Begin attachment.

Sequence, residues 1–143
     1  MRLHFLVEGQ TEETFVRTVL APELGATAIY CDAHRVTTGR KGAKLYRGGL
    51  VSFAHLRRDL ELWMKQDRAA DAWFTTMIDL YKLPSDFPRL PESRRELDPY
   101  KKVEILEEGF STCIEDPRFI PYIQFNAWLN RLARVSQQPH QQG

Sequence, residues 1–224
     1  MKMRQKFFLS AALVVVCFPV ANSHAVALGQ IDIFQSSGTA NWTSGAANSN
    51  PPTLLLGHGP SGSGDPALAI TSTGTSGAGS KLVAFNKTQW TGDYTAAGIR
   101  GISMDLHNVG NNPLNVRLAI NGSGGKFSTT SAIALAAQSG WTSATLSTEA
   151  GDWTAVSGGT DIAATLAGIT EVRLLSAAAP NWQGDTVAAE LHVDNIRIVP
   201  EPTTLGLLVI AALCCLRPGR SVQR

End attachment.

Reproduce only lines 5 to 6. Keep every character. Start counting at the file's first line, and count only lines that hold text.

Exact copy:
Sequence, residues 1–224
     1  MKMRQKFFLS AALVVVCFPV ANSHAVALGQ IDIFQSSGTA NWTSGAANSN